As far as level design goes, not only is the world stunning, but it has the effect of weighing down on the player. There are few open areas where one can see the horizon. It is instead dominated by towers and steeples. You must run through courtyards and narrow corridors, be assailed on stairs and prowl through gaols. And lurking within these frightening locations, sometimes silent, sometimes causing a ruckus, are the various enemies you will encounter. Despite being coined as an action game; the game certainly does its best to throw the most terrifying enemies it can at you. Whether you have a fear of spiders, snakes, slimy things or hags, Bloodborne will take those fears, twist them into something worse, and throw them back at you. And the cramped and dark environment of Yharnam does its best to either keep you from running away, or trying to find an advantage.
It should be noted that Bloodborne does well in relaying religious imagery with its level design, the heavy orchestra found in the soundtrack replete with organs. And the locations are both varied and true enough to themselves, that each one feels rich with a long forgotten culture despite usually not being filled with a sane populace. There is always indication of worship to some terrible and unseen force, and it is only in the end do you see what exactly everyone reveres.
Some areas can only be found after a loss, such as being kidnapped by the watchers and being taken to the Hypogean Gaol, which unfortunately results in the permanent loss off your blood echoes. I think such choices in regards to level design are both risky, but exciting, because once the player experiences, they realise how screwed they are. The developers are a bunch of sadistic pricks who are not above using death to advance the story, and this id only heightens the players level of unease considering death is such a significant element in the game. One could even say that, story wise, the game revolves around it.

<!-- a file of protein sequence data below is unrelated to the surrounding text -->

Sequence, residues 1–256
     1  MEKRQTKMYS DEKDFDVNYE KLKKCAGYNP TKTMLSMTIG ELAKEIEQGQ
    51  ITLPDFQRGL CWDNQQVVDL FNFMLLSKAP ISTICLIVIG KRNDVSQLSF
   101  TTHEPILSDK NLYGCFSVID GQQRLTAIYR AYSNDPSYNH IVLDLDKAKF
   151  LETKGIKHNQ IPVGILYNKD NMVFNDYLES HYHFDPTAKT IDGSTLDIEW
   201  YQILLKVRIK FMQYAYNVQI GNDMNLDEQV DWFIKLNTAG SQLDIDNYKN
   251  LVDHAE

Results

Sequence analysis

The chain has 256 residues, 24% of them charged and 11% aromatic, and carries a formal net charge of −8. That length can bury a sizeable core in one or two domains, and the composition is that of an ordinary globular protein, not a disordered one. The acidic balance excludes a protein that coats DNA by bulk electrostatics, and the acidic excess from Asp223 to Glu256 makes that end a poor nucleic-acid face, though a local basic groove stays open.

A Fear Oh So Lovecraftian
Even though Bloodborne is penned as an action-RPG game, it is obvious that it has not-so-subtle elements of horror within it. And this horror, despite not being specifically labeled a horror game, is so palpable for multiple reasons. The first, being rather obvious in that it is a Souls game. Dying is easy and every victory is hard earned, with the risk of losing all your precious blood echoes (the currency), or having to face the same enemy that initially killed you, only know that it is supercharged and tougher. In a sense, Bloodborne very early on fills the player with the fear of death. The prospect of having to face the same enemies, with less resources and the risk of losing all your hard earned money is no doubt, fear-inducing. The fear of death is primal and perfectly normal, but the fear of having to die horrifically at the hands of beasts multiple times simply to achieve a task, sometimes minor? Now that is panic-inducing, and a fear that most people will never have to deal with. And coupled with the fact that Bloodborne is much more aggressive than Dark Souls means that players will constantly be in a state of panic, trying their hardest not to die.